Simchat Torah: Great Answers to Life's Little Problems

By Alice Level

Last year, my sister, who lives in France with her family, came to visit me. After a few days of reminiscence and intensive shopping sprees (it seems that, compared to France, going shopping in Pennsylvania is like going to paradise), we began to talk about our projects and dreams. As I was telling her how I am now in the process of interviewing people for a series of articles for HAKOL about recipes and the story behind them, she got really excited and asked if I could interview her too.

“If you were interviewed, I said, what recipe would you want to talk about?”

“I know exactly what recipe I want to talk about, she said. I would talk about the ‘hen with golden egg’ recipe,” she said.

It seemed surprising that she would want to talk about this particular recipe amongst all the recipes we learned from our mother and grandmother. The recipe, which we prepare for Simchat Torah only, is in reality a chicken and chick pea soup with poached eggs. It is delicious, but it wouldn’t be the first recipe that would come to my mind if I had to tell a story about a family recipe.

“First of all,” my sister said, “I always loved the name. As a child, I used to really think that a special hen with golden eggs had been used to prepare the dish, and that made it special. Later, of course, I knew it wasn’t the case, but I still kept a fondness for the recipe. 

“But I also love the dish because it always reminds me of my grandmother [and when] she used to live in the apartment condo above ours. She was the one who taught me the recipe, and because she knew of my special fondness for it, she sometimes prepared it especially for me, and invited me (and only me!) over to her apartment for the occasion,” my sister revealed. “We would eat it together and we had a great time together. 

“It must have been at least 30 years ago,” she continued, “but I still remember how happy it both made us feel. We would talk about anything, we would laugh together and, later, we would both sit in her balcony, where we would secretly share an indecently sweet pastry. [Our grandmother suffered from diabetes and she knew that our Mom wouldn’t have let her have the pastry.] Even today, I always picture my grandmother smiling over some over-creamed pastry (her favorite) every time I prepare the ‘hen with golden eggs.’”

But there was more. My sister also loved the recipe because it revealed something about the family of Mami, which was what we called our grandmother in French.  She said the recipe was actually not a Simchat Torah recipe at all but a tradition in Algeria (where our grandmother was born) for all Jews of converted descent to celebrate their conversion. Once a year, these families would prepare the ‘hen with golden egg’ recipe with some kind of pancakes. Family and friends would gather together, for a nice evening filled with food and songs. 

Neither my grandmother nor her Dad knew who had converted in his family, but because they knew they had the tradition, they just knew someone had. Later, after her parents passed away, and she had to leave Algeria for France, the tradition was lost and only years later did Mami remember it.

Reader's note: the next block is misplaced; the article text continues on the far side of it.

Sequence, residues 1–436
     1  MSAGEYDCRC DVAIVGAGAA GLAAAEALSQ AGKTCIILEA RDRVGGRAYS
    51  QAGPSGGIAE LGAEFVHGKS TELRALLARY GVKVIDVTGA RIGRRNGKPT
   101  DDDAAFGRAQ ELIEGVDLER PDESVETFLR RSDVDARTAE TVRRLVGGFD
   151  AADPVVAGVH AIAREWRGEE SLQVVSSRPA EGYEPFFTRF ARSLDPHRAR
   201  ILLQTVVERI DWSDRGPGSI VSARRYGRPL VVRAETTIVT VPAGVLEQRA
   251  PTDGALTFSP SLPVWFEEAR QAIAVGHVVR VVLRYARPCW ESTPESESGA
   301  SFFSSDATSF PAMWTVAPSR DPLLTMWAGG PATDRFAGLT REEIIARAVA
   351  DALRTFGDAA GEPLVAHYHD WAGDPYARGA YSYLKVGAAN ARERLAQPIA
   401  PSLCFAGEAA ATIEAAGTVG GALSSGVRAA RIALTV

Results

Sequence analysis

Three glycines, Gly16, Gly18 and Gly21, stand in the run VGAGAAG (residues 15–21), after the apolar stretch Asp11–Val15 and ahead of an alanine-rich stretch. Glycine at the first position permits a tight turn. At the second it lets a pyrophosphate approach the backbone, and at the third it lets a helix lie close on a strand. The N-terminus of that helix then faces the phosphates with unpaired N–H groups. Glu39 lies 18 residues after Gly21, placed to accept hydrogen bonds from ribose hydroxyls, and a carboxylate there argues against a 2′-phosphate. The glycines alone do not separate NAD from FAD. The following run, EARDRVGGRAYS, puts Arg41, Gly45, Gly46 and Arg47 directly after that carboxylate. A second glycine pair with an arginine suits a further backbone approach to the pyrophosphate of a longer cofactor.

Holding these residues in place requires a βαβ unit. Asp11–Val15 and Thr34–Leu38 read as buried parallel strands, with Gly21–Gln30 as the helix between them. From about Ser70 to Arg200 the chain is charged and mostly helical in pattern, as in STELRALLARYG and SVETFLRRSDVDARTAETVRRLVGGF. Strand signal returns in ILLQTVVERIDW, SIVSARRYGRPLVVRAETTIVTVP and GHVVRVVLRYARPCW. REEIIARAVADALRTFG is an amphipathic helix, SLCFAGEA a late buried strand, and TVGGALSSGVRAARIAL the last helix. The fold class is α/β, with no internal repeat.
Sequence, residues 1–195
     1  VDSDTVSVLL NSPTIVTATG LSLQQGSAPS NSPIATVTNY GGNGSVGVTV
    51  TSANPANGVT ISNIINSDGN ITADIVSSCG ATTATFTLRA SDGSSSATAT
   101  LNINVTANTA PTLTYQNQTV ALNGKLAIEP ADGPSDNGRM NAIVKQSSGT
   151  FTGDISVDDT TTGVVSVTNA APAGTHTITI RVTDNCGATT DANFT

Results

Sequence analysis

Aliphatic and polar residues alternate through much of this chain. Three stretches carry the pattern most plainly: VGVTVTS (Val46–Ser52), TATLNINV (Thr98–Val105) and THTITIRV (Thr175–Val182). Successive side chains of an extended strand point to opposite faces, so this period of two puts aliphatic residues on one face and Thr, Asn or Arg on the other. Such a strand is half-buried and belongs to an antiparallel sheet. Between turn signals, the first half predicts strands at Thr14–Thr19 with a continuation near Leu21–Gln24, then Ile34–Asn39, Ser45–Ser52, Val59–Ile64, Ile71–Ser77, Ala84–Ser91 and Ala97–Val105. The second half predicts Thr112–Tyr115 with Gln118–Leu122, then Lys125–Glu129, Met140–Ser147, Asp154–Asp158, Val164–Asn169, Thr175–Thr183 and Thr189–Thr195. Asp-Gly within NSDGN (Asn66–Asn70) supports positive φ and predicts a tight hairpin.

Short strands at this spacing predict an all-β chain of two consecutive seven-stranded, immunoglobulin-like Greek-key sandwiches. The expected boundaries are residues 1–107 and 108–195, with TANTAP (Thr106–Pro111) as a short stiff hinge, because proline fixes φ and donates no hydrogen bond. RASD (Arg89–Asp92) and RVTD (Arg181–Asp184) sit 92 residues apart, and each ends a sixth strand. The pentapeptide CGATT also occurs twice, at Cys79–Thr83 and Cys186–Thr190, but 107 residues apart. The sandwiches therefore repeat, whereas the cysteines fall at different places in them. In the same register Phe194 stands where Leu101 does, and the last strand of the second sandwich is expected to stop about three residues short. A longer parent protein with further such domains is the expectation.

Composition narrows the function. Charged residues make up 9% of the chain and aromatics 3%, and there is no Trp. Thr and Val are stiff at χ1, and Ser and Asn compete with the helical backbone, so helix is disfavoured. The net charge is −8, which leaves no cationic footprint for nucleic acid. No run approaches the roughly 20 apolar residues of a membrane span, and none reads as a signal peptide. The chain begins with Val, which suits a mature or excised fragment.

“Mami told me,” my sister said, “that one day Mom was complaining about having no clues about what to prepare for Simchat Torah and asked her for ideas. So my grandmother said: What about preparing ‘the hen with golden eggs?’ So she taught Mom to make it. The recipe was such a success that we decided to make it a Simchat Torah tradition, and that’s what it has been ever since!”

“You’re right,” I said, ready to write all about it.

 “But wait!” my sister said. “I’m not done! What really makes the recipe special for me is something very personal that I never told anyone.” It’s true that each time I’m preparing the recipe, all these stories from the past I told you about come back to me. 

“Each time I look at this delicious soup with chick peas and poached eggs,” she said, “I can’t help but thinking that life is like the soup: It is filled with small problems like chick peas, but from time to time you have the chance to find a golden egg that makes it worthwhile.”

(Onion and chick pea soup with poached eggs)
Serves 6

1 whole chicken
5 large onions chopped (fresh or frozen)
12 oz. dried chick peas, soaked 24 hours in cold water and 1 t. baking soda.
6 eggs (at least)
4 T. oil
1 t. paprika
Salt, to taste

In a big pot, sauté oil and paprika with chicken on medium heat until chicken is golden on all sides. Remove chicken from pot and set aside. Add chopped onions to the pot. Sauté with oil and paprika on medium low heat for at least 5 minutes. Add chicken, chick peas and 6 c. water to cover chicken. Cook, uncovered, for 50 minutes to 1 hour on medium low heat, then another 10 minutes on low heat. Gently remove chicken to a platter, covering it immediately with aluminum foil. Add salt to the soup.

Just before serving, increase heat until soup comes to a boil. Crack eggs one by one over soup, placing hands as close to the soup as possible. As soon as eggs turn white, ladle soup in soup bowls.

The chicken can be served with or after the soup.


Add Comment